A 3-year fixed-rate mortgage is a popular choice for borrowers seeking a shorter commitment with favorable terms. It strikes a balance between a competitive interest rate and a relatively shorter duration. Consider a 3-year fixed rate if you value flexibility and anticipate potential changes in your financial situation within the next few years. While not as prevalent as the 5-year term, the 3-year fixed rate is offered by a variety of mortgage lenders, allowing for easy comparison to secure the most favorable terms. In certain market conditions or personal financial scenarios, a 3-year fixed-rate loan may align better with your needs.

A 3-year fixed-rate mortgage loan is a great option for borrowers who might plan to move within a few years following your home purchase. There are several reasons this might be the case: You’re planning on expanding your family and will require a larger home, or you plan to move towns or cities for a new job. If you’re unsure whether you’d like to live in the home you’re purchasing long-term, a 3-year fixed-rate mortgage might be a good choice for you. You also might want to consider a three-year mortgage term if you believe mortgage rates will fall within the next few years, as that would allow you to renew your mortgage at a lower rate.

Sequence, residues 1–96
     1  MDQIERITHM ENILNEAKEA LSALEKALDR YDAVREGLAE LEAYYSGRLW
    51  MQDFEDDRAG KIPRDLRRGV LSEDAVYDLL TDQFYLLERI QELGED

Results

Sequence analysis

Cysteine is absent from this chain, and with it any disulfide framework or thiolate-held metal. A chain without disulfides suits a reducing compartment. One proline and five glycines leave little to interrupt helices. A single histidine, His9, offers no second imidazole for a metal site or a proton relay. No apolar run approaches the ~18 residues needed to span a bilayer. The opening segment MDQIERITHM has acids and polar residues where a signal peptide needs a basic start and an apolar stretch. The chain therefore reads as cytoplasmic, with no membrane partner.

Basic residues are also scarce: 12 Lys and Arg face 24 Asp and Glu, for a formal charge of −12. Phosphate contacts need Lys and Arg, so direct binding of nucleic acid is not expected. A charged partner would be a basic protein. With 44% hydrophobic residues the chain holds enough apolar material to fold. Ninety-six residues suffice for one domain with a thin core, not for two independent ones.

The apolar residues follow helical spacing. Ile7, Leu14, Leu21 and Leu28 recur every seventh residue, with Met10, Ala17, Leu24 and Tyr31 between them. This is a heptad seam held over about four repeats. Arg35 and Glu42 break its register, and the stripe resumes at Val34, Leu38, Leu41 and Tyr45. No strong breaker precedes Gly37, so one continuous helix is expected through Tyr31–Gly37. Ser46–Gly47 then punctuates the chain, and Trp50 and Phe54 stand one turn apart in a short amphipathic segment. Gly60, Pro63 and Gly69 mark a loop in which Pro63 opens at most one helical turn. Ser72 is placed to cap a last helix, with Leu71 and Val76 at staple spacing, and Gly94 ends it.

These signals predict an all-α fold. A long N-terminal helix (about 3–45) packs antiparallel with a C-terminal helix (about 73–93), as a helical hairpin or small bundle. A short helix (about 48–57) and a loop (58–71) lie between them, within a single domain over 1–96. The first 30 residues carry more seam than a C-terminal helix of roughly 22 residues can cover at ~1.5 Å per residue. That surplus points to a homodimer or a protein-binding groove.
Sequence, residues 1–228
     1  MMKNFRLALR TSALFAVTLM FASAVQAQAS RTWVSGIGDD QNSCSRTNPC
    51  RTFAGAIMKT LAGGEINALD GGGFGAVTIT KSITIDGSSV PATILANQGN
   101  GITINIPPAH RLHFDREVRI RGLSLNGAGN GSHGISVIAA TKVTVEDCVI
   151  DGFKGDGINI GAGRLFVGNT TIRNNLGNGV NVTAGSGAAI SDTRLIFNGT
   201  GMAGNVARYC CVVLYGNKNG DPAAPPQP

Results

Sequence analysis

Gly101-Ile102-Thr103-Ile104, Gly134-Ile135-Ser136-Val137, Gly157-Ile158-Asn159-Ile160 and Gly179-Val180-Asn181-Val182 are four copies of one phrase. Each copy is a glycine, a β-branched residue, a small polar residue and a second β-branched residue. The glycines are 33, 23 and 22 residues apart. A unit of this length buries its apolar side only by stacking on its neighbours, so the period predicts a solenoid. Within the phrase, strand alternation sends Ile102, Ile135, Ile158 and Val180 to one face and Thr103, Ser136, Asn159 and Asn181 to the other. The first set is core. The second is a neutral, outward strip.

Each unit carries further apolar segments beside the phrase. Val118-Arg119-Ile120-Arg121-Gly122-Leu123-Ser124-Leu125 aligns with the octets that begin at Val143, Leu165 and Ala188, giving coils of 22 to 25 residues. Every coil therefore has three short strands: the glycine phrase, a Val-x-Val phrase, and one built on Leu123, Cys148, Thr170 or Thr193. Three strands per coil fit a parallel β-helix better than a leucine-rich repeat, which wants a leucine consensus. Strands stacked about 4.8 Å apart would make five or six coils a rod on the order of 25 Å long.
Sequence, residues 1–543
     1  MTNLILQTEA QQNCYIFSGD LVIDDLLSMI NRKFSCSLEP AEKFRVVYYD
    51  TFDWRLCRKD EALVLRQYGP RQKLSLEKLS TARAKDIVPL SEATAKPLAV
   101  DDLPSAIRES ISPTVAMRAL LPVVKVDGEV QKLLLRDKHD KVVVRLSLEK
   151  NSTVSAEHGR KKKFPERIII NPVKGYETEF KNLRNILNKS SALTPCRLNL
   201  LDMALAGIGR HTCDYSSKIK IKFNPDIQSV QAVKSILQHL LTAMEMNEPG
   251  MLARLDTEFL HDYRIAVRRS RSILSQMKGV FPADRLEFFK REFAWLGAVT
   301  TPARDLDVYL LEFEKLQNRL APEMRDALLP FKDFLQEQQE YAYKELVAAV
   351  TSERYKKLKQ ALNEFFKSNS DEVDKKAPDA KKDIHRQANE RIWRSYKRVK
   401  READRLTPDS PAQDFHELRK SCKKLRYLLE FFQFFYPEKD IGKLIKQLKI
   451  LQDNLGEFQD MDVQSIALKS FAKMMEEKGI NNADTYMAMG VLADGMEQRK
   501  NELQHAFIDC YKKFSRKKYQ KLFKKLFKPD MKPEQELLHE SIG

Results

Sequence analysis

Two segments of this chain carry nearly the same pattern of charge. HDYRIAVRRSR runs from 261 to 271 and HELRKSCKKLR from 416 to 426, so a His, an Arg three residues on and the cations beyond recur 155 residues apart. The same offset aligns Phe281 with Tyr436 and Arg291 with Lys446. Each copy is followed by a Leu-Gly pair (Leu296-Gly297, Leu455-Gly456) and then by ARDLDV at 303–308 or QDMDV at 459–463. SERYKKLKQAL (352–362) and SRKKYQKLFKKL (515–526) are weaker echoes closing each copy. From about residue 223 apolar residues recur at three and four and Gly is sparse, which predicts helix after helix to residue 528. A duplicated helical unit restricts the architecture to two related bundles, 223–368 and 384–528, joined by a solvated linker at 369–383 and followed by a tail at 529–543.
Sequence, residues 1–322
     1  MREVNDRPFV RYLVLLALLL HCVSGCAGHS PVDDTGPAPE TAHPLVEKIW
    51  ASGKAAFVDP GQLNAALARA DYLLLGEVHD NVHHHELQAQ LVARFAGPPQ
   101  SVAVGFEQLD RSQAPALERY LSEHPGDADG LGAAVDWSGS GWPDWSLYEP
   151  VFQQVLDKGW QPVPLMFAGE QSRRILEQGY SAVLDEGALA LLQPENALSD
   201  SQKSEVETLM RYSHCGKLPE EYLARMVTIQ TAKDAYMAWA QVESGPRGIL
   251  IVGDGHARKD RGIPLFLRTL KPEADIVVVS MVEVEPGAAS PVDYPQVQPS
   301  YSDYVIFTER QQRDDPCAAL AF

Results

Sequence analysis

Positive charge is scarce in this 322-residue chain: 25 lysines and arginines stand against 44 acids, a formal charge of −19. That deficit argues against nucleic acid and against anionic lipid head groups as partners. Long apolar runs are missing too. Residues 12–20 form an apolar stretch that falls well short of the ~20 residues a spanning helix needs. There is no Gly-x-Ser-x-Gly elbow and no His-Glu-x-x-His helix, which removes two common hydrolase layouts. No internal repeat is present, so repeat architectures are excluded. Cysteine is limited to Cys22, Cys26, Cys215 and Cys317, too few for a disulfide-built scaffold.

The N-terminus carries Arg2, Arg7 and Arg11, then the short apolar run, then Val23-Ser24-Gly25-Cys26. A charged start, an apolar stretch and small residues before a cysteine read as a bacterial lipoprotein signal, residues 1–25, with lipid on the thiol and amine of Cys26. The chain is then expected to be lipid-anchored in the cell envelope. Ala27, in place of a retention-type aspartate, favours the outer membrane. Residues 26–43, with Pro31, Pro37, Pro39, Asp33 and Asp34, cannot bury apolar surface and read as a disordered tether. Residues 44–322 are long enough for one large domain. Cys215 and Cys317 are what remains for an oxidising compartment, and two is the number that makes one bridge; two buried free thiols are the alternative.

How do 3-year fixed mortgages work in Canada?

Lenders use the Government of Canada’s bond market to set their fixed rates. A government bond is an investment type where an investor lends money to the government at a fixed rate for a specific amount of time, earning interest over the term of the bond. Once the bond term is up, the investor receives their principal investment back in full. Because these investments are considered so safe, lenders use their bond yields to cover the cost of the mortgages they lend out. They will offer rates based on their bond yields. Usually, mortgage rates are 1-2% higher than bond yields.